The National Book Foundation has unveiled its annual 5 Under 35 honorees, recognizing a group of young authors who have published a debut work of fiction of extraordinary promise — a novel or short story collection — in the last year. And this year, they're all women.
The 2017 honorees are Lesley Nneka Arimah, Halle Butler, Zinzi Clemmons, Leopoldine Core and Weike Wang. Each author will receive a $1,000 cash prize.
Lisa Lucas, executive director of the National Book Foundation, told the Cut that she was pleased with this year's honorees, who were chosen by authors who have won or been a finalist for a National Book Award, or who were themselves previously selected as a 5 Under 35 author.
"At a moment in which we are having the necessary conversations surrounding the underrepresentation of female voices, it's a thrill to see this list of tremendous women chosen organically by our selectors," Lucas said. "These writers and their work represent an incredibly bright future for the world of literary fiction."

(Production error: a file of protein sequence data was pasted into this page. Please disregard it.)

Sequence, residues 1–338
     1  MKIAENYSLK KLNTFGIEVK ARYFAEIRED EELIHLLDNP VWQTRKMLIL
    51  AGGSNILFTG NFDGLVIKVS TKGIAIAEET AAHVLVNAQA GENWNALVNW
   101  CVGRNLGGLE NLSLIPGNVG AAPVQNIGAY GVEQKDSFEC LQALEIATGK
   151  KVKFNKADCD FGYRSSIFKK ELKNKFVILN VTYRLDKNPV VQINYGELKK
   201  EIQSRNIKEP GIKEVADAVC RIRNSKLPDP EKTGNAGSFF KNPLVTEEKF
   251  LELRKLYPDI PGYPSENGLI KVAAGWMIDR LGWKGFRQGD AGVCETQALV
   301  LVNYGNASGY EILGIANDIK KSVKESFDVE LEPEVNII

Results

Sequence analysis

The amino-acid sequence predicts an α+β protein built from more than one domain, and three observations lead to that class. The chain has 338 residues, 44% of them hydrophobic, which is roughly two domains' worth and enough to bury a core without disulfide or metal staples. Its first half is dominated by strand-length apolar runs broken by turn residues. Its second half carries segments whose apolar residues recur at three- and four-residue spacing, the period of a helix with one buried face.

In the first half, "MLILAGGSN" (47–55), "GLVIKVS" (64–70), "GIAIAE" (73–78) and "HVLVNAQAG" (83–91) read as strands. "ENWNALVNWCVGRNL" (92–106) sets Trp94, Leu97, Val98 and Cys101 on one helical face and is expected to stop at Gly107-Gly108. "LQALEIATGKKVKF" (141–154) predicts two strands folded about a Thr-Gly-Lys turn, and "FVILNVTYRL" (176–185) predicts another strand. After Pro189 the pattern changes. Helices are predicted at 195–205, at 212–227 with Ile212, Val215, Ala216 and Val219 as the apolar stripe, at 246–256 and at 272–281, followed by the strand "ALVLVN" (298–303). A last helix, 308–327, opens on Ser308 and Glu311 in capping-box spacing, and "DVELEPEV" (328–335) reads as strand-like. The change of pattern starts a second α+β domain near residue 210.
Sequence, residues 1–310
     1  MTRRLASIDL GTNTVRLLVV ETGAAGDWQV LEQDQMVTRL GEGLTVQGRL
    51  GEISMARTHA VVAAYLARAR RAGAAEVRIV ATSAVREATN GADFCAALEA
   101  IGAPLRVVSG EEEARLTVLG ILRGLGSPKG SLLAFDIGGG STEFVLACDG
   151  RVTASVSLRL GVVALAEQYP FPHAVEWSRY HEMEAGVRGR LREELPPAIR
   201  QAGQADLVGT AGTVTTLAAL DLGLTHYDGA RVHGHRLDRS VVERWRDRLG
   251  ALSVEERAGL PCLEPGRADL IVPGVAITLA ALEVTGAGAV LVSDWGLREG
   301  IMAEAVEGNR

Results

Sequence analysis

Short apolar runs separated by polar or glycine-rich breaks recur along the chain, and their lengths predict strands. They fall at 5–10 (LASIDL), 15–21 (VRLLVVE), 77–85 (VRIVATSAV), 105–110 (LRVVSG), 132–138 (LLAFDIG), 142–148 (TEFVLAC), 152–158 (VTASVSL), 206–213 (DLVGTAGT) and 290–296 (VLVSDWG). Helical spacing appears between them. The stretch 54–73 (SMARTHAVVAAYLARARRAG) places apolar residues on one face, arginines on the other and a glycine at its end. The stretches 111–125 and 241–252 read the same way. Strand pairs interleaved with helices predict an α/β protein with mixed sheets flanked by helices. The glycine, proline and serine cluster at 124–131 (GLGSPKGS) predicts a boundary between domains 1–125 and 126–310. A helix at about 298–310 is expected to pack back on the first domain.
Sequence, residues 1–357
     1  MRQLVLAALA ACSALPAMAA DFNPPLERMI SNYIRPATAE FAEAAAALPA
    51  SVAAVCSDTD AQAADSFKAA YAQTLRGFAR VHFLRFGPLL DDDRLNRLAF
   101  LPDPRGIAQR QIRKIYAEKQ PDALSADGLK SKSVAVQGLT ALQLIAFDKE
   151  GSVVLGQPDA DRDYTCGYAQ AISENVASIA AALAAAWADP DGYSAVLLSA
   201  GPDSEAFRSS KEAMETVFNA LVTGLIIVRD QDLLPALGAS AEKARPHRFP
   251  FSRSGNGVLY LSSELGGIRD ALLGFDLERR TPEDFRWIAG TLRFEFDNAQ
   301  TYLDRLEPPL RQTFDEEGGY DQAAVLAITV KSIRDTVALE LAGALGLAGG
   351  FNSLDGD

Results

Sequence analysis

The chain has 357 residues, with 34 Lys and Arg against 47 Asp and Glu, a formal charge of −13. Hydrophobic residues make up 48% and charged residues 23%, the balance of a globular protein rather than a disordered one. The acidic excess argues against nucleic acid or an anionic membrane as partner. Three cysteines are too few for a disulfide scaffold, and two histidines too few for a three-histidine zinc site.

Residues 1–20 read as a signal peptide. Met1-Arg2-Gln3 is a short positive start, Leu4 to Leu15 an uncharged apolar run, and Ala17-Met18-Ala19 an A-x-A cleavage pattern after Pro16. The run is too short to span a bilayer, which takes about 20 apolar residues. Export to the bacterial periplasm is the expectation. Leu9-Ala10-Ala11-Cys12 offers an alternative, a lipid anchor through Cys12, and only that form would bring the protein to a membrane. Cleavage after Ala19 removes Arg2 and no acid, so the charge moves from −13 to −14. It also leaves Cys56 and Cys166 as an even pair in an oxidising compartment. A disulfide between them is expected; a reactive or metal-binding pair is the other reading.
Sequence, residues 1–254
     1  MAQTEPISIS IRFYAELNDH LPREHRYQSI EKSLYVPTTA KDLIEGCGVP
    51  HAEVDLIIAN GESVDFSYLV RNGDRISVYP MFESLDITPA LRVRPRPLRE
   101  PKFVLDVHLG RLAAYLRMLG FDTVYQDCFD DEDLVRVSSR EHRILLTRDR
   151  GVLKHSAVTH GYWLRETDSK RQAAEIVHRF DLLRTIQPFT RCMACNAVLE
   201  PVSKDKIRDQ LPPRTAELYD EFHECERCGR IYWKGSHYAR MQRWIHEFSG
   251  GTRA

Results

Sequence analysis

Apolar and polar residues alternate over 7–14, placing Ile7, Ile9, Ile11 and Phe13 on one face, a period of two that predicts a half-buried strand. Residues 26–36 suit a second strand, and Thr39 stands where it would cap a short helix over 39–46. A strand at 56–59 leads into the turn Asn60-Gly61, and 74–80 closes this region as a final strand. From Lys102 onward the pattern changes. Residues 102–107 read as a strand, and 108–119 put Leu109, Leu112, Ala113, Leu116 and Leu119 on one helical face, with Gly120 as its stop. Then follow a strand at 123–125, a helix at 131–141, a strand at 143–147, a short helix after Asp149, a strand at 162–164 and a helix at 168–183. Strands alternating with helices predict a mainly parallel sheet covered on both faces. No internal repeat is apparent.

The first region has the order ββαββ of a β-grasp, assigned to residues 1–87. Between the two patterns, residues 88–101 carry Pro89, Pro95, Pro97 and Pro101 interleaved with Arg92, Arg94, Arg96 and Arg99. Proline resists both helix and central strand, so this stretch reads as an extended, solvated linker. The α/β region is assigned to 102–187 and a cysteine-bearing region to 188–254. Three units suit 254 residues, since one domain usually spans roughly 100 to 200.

The honored books include three novels, Butler's "Jillian," Wang's "Chemistry" and Clemmons' "What We Lose," and two short story collections, Arimah's "What It Means When a Man Falls From the Sky" and Core's "When Watched."
"Jillian" was published by the Chicago-based indie press Curbside Splendor. The other four were published by major publishers: Riverhead, Knopf, Penguin Books and Viking (all are imprints of Penguin Random House).
It continues to be a good year for female authors of fiction in literary honors. Earlier this month, the National Book Foundation unveiled its longlist for the fiction National Book Award, with women taking eight of the 10 spots.
This is the first year since 2013 that all 5 Under 35 honorees are women.
Butler told the Cut that in the last few years, she's seen her taste in books move from those written mostly by men to the opposite.
"Now, I almost exclusively read fiction by women, and it's not all contemporary," she said. "I think there's a revisiting of a lot of overlooked women writers like Lucia Berlin. It wasn't anything conscious, so it must be atmospheric and it must be coming from things like this — some kind of sea change."